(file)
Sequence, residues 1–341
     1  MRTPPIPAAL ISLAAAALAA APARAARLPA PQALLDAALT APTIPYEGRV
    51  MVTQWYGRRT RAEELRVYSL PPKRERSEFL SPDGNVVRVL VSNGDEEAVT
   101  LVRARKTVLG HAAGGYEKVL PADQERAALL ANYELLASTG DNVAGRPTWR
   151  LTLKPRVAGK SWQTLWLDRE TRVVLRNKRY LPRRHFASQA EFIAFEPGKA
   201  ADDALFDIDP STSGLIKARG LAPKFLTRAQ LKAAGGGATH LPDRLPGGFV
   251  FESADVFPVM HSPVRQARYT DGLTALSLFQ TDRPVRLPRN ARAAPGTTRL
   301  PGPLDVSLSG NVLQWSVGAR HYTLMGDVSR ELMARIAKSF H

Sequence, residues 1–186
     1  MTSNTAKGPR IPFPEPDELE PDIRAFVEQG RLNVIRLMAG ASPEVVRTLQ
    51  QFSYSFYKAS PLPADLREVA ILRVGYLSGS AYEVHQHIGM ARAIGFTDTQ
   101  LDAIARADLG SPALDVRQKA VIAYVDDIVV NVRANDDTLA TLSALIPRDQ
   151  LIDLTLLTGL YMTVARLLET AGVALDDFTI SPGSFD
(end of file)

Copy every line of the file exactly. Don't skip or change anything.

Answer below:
Sequence, residues 1–341
     1  MRTPPIPAAL ISLAAAALAA APARAARLPA PQALLDAALT APTIPYEGRV
    51  MVTQWYGRRT RAEELRVYSL PPKRERSEFL SPDGNVVRVL VSNGDEEAVT
   101  LVRARKTVLG HAAGGYEKVL PADQERAALL ANYELLASTG DNVAGRPTWR
   151  LTLKPRVAGK SWQTLWLDRE TRVVLRNKRY LPRRHFASQA EFIAFEPGKA
   201  ADDALFDIDP STSGLIKARG LAPKFLTRAQ LKAAGGGATH LPDRLPGGFV
   251  FESADVFPVM HSPVRQARYT DGLTALSLFQ TDRPVRLPRN ARAAPGTTRL
   301  PGPLDVSLSG NVLQWSVGAR HYTLMGDVSR ELMARIAKSF H

Sequence, residues 1–186
     1  MTSNTAKGPR IPFPEPDELE PDIRAFVEQG RLNVIRLMAG ASPEVVRTLQ
    51  QFSYSFYKAS PLPADLREVA ILRVGYLSGS AYEVHQHIGM ARAIGFTDTQ
   101  LDAIARADLG SPALDVRQKA VIAYVDDIVV NVRANDDTLA TLSALIPRDQ
   151  LIDLTLLTGL YMTVARLLET AGVALDDFTI SPGSFD